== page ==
It was no twig the 12-year-old boy held up, but a thick stick, about 9 inches long and as thick as a broom handle. What made it astonishing is that the full length of it had been driven into his neck and down into his chest — through his lung, past vital arteries and his heart.
Yet now Garret Mullikin was sitting with his mother in Houston telling TODAY’s David Gregory about the dangers of learning how to ride a dirt bike without adult permission or supervision. He said he was feeling “pretty good — a lot better than I was when I got the stick in my neck.”
It was just over a week ago, on June 9, when Garret and his parents were visiting friends in Conroe, Texas, about 40 miles outside of Houston. They spent the day swimming, then came home to clean up for dinner. Garret and his friend, 10-year-old Seth, got done first. With time to kill, Seth asked Garret if he wanted to learn to ride a dirt bike.
Garret wasn’t allowed to ride a bike, but Seth’s offer was too tempting to pass up.
“I really wanted to,” he told Gregory. “He said he’d teach me how to. I guess I put the throttle on too much or I didn’t hold down the brakes, but I kind of shot forward, I bounced off the tree and I had the wreck.”
Garret flew off the bike and hit the ground. “There were a bunch of snapping twigs,” he said. “I hit the ground and then I looked and there was something sticking in my neck.
“It didn’t hurt as much as I thought it would. It’s kind of a hard feeling to explain, because I was pretty scared.”
Life-saving decisionHis friend Seth helped him stagger back to the house. His mother, Carol Mullikin, went into panic mode on seeing her son with a stick protruding vertically from his neck. His father, a former Eagle Scout, assessed the situation and rejected advice to try to pull the stick out, calling 911 instead.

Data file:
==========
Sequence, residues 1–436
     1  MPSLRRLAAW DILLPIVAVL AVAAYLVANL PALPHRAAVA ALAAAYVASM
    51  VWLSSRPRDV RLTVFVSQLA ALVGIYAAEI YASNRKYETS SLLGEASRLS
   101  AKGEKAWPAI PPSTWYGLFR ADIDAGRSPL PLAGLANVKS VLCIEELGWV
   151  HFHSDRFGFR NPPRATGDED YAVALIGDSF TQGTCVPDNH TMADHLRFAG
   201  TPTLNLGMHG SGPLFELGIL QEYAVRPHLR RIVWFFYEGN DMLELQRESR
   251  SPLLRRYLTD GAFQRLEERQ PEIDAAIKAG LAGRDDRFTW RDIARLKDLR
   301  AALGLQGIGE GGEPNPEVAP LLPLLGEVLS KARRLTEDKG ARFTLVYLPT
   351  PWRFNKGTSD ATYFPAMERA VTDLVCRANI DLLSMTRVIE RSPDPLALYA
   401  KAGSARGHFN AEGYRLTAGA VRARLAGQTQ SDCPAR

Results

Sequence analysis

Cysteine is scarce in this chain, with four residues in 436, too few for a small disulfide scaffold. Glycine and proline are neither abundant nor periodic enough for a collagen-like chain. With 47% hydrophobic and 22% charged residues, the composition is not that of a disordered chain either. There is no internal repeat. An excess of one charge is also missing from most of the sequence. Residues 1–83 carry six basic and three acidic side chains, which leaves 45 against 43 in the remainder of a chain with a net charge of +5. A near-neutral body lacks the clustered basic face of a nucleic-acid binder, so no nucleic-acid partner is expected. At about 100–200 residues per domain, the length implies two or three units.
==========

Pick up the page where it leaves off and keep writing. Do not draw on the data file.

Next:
That action, doctors said, saved Garret’s life. If the stick had been extracted, he probably would have bled to death.
Paramedics arrived, broke off the end of the stick, put Garret in a neck brace, and called for a Life Flight helicopter to transport the boy the 40 miles to Children’s Memorial Hermann Hospital in Houston — the only Level I pediatric trauma center in the Gulf Coast.
Carol Mullikin followed in a car driven by a friend. While they were still 20 minutes from the hospital, doctors called to tell her that the stick had missed all vital organs, but that the boy had a collapsed left lung. They wanted permission to crack his chest open to get the stick out.
Surgeons were able to wait until Carol Mullikin got to the hospital. She doesn’t remember exactly how long the surgery took, but thinks it was a relatively short 60 to 90 minutes.
When it was done, Garret had bandages all over but was out of danger.
One lucky boyDr. Richard Andrassy, who performed the surgery, told the Mullikins that he had to push the stick out a quarter inch at a time. He talked to NBC News’ Janet Shamlian after the surgery and joked, “I’m going to take him to Las Vegas and put some money on him. He was very lucky and very well behaved and a real gentleman through a very stressful situation.”
After a week in the hospital, Garret was discharged and was staying with his mother and relatives in the Houston area before going home to complete his recovery in Longview, Texas.
“The doctors told us that he’ll fine,” Carol Mullikin told Gregory. “He’ll probably take the rest of the summer to recover from the surgery, but no lingering effects from the accident at all.”
So, Gregory asked Garret, is he a lucky boy?
“Yeah,” the boy agreed.
Earlier, when he was in the hospital, Shamlian had asked Garret what lessons he learned from his unauthorized dirt-bike lesson.
“Wear your helmet, ask permission and don’t run the wheel of the bike into a tree,” he said.